Tyler Jensen is a senior software engineer in R&D at Ancestry.com. He has worked in the software industry since 1992. He loves to solve difficult technical challenges. When he's not working or writing or reading, he enjoys spending time with his wife and four children.
I changed teams at the beginning of the year from search services to an R&D team working on some exciting projects. The team has created a distributed system to repeatedly process and analyze many billions of family history records using a complex and time consuming algorithm that has been challenging to scale up and out.… Read more
Today is Halloween and my whole team got into it. I brought the costumes and they graciously agreed to wear them long enough to join the company costume contest. The Search Services Team Humor warning — we didn’t win the contest but we did experience collective shame and humiliation–or what we prefer to call team… Read more
So much has been written on the subject of work-life balance that it has become an Internet cliché, an overloaded phrase with nearly as many interpretations as there are Google results (247 million). Nearly every employer’s website claims a great work-life balance, which has become marketing fluff that enjoys very little credibility with many considering… Read more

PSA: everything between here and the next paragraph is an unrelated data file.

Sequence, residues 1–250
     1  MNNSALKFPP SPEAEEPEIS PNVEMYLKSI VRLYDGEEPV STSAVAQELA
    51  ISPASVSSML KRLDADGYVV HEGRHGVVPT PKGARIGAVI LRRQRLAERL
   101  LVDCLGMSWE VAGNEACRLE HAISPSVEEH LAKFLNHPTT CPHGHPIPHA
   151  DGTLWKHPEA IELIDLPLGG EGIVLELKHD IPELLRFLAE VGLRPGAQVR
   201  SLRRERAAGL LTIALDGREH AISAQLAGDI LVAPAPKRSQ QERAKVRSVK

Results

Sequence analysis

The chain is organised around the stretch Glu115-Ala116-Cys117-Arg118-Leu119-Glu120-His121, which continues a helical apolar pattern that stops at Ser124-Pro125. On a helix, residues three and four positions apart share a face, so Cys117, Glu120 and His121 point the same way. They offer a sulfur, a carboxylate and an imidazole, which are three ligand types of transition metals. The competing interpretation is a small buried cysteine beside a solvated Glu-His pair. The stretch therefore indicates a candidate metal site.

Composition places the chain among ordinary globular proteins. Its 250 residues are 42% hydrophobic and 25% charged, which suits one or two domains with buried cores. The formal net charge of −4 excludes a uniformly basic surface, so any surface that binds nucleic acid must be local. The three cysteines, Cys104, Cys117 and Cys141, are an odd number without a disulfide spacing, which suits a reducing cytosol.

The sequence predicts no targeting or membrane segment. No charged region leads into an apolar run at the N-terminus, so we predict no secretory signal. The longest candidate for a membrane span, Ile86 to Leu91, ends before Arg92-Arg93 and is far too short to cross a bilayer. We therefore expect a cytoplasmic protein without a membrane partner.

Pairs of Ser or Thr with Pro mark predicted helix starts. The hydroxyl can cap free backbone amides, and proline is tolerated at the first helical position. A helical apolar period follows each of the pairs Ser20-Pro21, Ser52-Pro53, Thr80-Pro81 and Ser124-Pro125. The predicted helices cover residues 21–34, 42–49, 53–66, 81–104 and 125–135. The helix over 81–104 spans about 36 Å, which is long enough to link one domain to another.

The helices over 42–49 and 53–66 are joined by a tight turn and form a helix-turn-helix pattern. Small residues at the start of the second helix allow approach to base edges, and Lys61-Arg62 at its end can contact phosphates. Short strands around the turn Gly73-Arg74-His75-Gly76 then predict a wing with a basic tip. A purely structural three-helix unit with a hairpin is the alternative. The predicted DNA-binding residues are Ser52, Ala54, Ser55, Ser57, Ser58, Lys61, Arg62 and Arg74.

Ancestry.com, like any other site with millions of subscribers, experiences predictable load patterns throughout the day. To maximize site performance and customer satisfaction, we make every effort to schedule maintenance during off-peak intervals. Content processing, especially our repository of hundreds of millions of images, on the other hand, is a constant ongoing effort, and in… Read more
About 450 years ago John Heywood wrote, “many hands make light work.” The same can be said of image and data processing. Distributed parallel computing (DPC) makes it possible for us to do the work described by Michael Murdock in his series on the image processing pipeline. If you haven’t already, take a moment to… Read more
Imagine a world that corrects itself when something goes wrong. A customer clicks a link to an image and gets a message that the image could not be displayed. An hour later that same customer or another customer clicks that same link and the image can now be displayed. This is what we call user… Read more